Both calendars were in use in the Dutch Republic, for instance, the location of not one but two alternative Stuart courts on the continent: those of Elizabeth Stuart, sometime Queen of Bohemia, and her niece who married William I in 1641, Mary Stuart. […] Most Royalist refugees, from diplomat to spy, also adapted to their surroundings: they used the Julian calendar when in England, but the Gregorian when visiting Queen Henrietta Maria’s exiled court in Paris. As explained, an added difficulty when dealing with British correspondents is that the civil year in England began on 25 March, and not on 1 January. So 18 March 1634 and 28 March 1635 were in fact the same day, but one was in London, the other in the Hague.

For that reason, William of Orange’s invasion fleet arrived in England on 5 November 1688, days before he had sailed from from Hellevoetsluis (and that included a feint towards Harwich before doubling back to Devon). Let’s not go into that, nor consider how William of Orange was also Willem Hendrik, William II of Scotland …

The Irish dimension

Leanda de Lisle’s review provoked my interest with what appears to be little more than an aside:

In Ireland captured she intelligencers were transported as slaves to Barbados.

So far I don’t see Akkerman expanding much on that. Here on page 111 I find:

In Ireland male spies were hanged until 1653, but sentences for women were ‘increasingly commuted from death to transportation to Barbados’. 

The quotation is footnoted to:

Micheál Ó Siochrú, ‘Military Intelligence in Ireland during the Wars of the Three Kingdoms’, Historical Studies, ‘Special Issue: Intelligence, Statecraft and International Power’, Eunan O’Halpin, Robert Armstrong and Jane Ohlmeyer (eds), 25 (2006): 48-63 at 58, referring to ‘Minutes of Court Martials held at Dublin, 1651/2’, Marsh’s Library, MS Z3.2.17(2).

Which inspired my frustrated obscenity.

Then, at the end of this promising book, I run into the Index proper, followed by ‘Index Occulus’.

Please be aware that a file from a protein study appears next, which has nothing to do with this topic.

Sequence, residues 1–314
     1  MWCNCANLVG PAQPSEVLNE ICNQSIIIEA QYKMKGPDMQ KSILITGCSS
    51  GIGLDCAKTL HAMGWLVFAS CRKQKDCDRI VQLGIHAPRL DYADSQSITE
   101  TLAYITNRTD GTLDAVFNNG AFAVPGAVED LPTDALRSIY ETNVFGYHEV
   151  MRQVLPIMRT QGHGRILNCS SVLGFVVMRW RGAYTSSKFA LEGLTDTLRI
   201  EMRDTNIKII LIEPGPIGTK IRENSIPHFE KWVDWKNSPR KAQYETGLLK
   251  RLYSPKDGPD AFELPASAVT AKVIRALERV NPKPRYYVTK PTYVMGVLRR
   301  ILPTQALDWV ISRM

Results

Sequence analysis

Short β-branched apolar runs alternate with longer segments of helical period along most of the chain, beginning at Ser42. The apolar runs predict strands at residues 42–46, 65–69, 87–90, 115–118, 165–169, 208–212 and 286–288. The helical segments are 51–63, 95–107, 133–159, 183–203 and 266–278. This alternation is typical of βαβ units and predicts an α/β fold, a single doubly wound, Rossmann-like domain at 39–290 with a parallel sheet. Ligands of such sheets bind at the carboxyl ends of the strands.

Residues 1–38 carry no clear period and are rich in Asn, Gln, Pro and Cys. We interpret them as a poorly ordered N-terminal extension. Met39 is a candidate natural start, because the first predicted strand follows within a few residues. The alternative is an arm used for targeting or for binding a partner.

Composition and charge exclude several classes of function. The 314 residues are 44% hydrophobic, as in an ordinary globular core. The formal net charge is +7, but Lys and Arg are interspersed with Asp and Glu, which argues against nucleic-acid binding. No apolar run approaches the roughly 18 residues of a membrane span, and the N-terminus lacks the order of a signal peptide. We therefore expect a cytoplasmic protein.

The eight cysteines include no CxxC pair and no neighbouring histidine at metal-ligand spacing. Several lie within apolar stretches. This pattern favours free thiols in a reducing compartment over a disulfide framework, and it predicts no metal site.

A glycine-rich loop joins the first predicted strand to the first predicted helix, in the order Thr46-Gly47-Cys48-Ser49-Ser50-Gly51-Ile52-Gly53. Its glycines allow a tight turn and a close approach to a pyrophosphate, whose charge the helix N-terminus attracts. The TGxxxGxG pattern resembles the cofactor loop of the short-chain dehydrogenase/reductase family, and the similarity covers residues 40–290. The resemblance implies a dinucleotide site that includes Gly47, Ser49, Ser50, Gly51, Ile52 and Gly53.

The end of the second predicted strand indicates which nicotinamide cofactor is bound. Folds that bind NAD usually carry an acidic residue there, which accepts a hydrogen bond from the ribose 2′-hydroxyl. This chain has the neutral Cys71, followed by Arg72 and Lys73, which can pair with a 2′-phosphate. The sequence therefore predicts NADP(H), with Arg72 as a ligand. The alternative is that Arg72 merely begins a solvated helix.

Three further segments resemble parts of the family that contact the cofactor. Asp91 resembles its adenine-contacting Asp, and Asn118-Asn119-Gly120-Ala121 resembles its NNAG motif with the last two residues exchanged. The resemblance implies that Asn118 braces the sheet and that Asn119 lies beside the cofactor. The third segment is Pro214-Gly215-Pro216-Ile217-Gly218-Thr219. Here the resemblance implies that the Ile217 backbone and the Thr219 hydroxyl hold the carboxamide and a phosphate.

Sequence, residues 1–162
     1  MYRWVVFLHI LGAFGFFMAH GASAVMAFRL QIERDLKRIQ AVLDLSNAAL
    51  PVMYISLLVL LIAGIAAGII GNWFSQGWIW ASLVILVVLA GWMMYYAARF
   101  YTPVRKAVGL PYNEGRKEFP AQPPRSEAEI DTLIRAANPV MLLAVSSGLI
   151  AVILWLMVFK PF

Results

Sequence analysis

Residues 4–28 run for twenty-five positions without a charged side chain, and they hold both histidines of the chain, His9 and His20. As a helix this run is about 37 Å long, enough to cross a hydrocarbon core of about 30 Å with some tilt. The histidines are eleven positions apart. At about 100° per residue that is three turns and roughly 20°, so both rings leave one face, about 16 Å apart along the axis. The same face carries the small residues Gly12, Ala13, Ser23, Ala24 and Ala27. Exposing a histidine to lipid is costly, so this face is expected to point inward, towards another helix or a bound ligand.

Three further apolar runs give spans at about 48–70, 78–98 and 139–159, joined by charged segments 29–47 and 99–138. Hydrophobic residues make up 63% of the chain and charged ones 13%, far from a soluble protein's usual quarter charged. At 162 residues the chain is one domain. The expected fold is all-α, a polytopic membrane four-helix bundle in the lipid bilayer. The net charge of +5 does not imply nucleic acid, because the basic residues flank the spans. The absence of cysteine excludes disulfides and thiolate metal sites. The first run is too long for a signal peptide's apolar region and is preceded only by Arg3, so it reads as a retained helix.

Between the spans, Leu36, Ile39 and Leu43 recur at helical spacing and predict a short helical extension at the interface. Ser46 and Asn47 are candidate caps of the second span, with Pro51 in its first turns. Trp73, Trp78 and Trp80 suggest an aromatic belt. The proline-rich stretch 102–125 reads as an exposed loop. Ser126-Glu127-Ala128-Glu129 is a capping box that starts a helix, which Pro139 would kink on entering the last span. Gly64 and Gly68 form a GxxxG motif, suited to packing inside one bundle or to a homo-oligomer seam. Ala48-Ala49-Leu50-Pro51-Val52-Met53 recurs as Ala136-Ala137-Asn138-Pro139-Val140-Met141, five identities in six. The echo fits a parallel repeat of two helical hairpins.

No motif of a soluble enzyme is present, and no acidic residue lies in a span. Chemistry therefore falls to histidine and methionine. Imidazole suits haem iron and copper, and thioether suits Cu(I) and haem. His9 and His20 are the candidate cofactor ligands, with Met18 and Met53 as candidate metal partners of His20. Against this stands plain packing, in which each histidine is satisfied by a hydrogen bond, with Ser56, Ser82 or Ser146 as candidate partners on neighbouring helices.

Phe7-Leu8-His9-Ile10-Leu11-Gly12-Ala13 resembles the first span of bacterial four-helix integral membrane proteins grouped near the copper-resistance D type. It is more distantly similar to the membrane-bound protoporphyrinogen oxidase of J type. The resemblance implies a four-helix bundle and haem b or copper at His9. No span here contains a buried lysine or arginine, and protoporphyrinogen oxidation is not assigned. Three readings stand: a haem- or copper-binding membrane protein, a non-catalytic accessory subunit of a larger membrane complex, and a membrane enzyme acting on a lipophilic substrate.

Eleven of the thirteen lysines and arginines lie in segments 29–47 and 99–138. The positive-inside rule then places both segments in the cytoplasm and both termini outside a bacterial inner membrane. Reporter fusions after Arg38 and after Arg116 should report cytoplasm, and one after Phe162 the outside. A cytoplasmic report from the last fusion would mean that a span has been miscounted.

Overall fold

Huh?

It’s the list of code-names under which the agents operated, and which were used to disguise their subjects.

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Reviews

There are a few redeeming features in the Murdoch press, notably the Saturday and Sunday book reviews.

I would expect it to be the fiction that gets to me. But no.

Take this week.

There are two — even three — reviews that are well-written, and suggest the book that’s the subject of the review might well be worth pursuing.

The third is Gerald DeGroot on JH Elliott (and I hadn’t realised he was still in the saddle) comparing — even forcing the comparison — Scots and Catalans.

DeGroot, predictably, irritates the ‘usual suspects’ by vamping on the sense of nationality. His disrespect for that mistaken obsession

starts with those foundation myths that nationalists love. The Scots trace their monarchy back to Scota, the daughter of an Egyptian pharaoh, while the Catalans identify their founder as Tubal, son of Japheth and pal of Hercules who sailed from Jaffa to Catalonia in 2157BC.

When Wilfred the Hairy, who ruled Barcelona in the 9th century, was hurt in battle, the Carolingian Emperor Louis the Pious moistened his hand with blood from the wound and made four vertical stripes on Wilfred’s golden shield in recognition of his bravery. From that came the distinctive Catalan flag of alternating red and gold bands. It’s all fake history, but the people gobble it up. As most historians accept, nations are simply “imagined communities”.